This is because, when they try to return to doing the exam and hit preview, the set of 'green stripes' or 'red stripes' disappears and the the students no longer can see which problems were originally right or wrong.
I would like to see this fixed. That is, KEEP at least the red stripes.
6. The students now try to fix the wrong problems, and repeat the process above up to four times.

This seems to work. It would be better if we could

a. print the individualized exams on the worksheets so the students don't have to copy them.

b. Have WW keep the red stripes through multiple submissions for grading.

Any suggestions on this matter are welcome.


In reply to Sheldon Newhouse

Re: problems with gateway exams

by Arnold Pizer -
Hi Sheldon,

In regard to your first problem, some people think that one bottleneck with WeBWorK might be MySQL, specifically the number of allowed connections.

Here's a snippet of advice that Gavin has given in the past:

This may or may not be in any way related, but...  We've had to explicitly increase the number of allowed connections to mysql to avoid running out under load here.  I've set max_connections=5000 in the my.cnf file.  The default for mysql5 seems to be 100, or 151 if one is running mysql5.1.  I would expect this to be indicated by "Too manyconnections" errors somewhere.

and another from Stephen DeSanto from MAA

I hear reports of slowdowns from time to time during particularly high-traffic times, but I
think MySQL is the bottleneck, and allowing more connections (and increasing PHP 
memory/threads/etc past the minimum as well) seems to help alleviate some of that.

Not sure if this is relevent, but it's worth a look.

In reply to Arnold Pizer

Re: problems with gateway exams

by Sheldon Newhouse -
We did increase the number of connections--to 5000--or so, but it did not completely solve the problem. I set up a mock exam to last 5 minutes and had some 120 students try to take it. Some got in in 2-3 minutes, some 4 minutes, some not at all. I wonder if the problem is related to the "double login effect" since the students have to also login as a proctor to start the exam.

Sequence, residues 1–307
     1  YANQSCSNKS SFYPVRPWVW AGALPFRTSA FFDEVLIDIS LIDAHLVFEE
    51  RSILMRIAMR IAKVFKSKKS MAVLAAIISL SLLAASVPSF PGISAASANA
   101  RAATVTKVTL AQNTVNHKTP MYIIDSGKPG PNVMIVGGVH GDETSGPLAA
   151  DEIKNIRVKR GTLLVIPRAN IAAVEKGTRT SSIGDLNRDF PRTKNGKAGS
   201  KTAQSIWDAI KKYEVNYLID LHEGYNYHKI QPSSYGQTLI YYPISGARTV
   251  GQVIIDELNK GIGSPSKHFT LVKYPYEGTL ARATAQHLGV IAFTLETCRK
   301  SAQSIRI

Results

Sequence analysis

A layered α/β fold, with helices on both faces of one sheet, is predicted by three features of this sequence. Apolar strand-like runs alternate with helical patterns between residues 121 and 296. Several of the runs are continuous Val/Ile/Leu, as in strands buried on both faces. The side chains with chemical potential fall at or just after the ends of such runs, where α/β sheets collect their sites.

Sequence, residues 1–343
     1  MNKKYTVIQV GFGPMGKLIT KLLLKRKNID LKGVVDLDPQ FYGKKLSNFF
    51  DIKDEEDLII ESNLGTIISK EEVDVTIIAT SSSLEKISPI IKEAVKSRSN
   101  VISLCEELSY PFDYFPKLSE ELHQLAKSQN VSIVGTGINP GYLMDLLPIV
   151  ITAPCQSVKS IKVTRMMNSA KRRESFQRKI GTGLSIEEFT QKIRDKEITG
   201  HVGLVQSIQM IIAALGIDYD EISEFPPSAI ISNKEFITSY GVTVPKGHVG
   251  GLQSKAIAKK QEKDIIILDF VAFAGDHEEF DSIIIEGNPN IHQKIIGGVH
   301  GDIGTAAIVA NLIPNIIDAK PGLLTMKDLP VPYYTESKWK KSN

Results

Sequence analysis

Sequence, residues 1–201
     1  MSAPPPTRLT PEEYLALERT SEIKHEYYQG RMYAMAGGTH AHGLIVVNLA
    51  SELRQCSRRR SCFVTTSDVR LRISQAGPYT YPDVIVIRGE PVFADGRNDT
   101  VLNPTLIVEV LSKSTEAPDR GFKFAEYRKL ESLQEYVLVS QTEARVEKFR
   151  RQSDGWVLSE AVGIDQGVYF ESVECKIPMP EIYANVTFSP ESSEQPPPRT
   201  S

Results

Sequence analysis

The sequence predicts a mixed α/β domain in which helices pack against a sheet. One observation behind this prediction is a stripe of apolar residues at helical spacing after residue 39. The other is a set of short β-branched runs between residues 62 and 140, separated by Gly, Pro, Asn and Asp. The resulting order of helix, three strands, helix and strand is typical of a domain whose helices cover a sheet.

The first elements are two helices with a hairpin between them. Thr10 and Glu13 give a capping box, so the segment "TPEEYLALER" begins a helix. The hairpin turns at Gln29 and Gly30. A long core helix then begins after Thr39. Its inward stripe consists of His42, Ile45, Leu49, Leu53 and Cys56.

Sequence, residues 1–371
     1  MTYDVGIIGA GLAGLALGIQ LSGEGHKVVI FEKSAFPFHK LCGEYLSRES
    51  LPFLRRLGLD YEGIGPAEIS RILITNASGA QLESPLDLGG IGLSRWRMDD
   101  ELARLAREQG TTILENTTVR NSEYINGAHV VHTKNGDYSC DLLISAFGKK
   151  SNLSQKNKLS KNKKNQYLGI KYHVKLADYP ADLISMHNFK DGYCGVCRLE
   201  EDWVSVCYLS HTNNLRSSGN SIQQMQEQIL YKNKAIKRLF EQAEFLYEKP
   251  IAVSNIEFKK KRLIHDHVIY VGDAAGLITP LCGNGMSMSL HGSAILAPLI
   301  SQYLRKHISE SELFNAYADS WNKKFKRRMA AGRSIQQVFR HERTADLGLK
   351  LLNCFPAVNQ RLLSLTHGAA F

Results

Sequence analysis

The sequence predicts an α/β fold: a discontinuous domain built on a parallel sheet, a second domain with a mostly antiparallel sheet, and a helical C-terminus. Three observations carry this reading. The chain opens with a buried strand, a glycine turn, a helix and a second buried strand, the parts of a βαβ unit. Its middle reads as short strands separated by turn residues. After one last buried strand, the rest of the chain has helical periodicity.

We will try more staggered logins, with 20-30 at a time, and report back on the effect.

In reply to Sheldon Newhouse

Re: problems with gateway exams

by Danny Glin -
We've been running gateway quizzes for 30 (and sometimes 60) students starting simultaneously.  With our hardware it generally doesn't take more than a few seconds for the students to get in.  We have had some problems in the past, so I can offer a few additional thoughts:
  • How many questions are on a given quiz?  WeBWorK needs to do (at least) one database write for each question for each student starting the quiz, as well as reading a question file for each question.  Our quizzes tend to be 5 or 6 questions.  If yours is much longer it may help to display fewer questions per page (though I haven't personally experimented with this).

  • What are MaxClients and ServerLimit set to in your httpd.conf file?  The most requests that apache can handle simultaneously is the lesser of these values (though I don't know why they shouldn't always be equal).  If mysql is taking a few seconds to process a request, then all of the apache processes could be tied up waiting for mysql queries, which means that later http requests have to wait for an apache process to free up before they can start querying the database.  Here's a sample scenario where this might bog things down:

    Suppose MaxClients is set to 20, and an apache process takes 10 seconds to create the quiz.
    If 120 people all click on the quiz at the same time, the first 20 get an apache process right away.  The next 20 have to wait until the first 20 requests complete before they can even start, and so on.  Thus the last 20 people would have to wait something like a full minute before apache even accepts their connection.

    Do be careful how high you set MaxClients though, as each process takes up some amount of memory (my experience shows that with MaxRequestsPerChild set to 100, each apache process balloons up to about 100MB of RAM).  My rule of thumb is take the amount of system memory that you're willing to devote to apache, divide by 100MB and set MaxClients/ServerLimit to that value.  For 120 students, you may actually need significantly more than 120 apache processes to handle all requests simultaneously, since each quiz request needs to retrieve the actual quiz page, as well as any images, css files, etc. required to render it.  I would guess that with 120 students, MaxClients=300 would probably be enough to prevent apache processes from being the bottleneck.

  • You can get some info on how many connections mysql is using (and has used) by running
    mysql> show status like '%conn%';
    From my understanding, two of these values are of particular interest here:
    • Threads_connected, which shows the current number of connections
    • Max_used_connections, which shows the maximum number of simultaneous connections since the server was started.
Let me know if any of these things make a difference.

In reply to Danny Glin

Re: problems with gateway exams

by Arnold Pizer -

Speaking of Apache connections, I assume you are using lighttpd to serve static images, etc. This takes much less resources than Apache. See e.g. http://webwork.maa.org/wiki/Installation_Manual_for_2.4_on_Ubuntu_10.04#Implement_Optional_B_.28lighttpd.29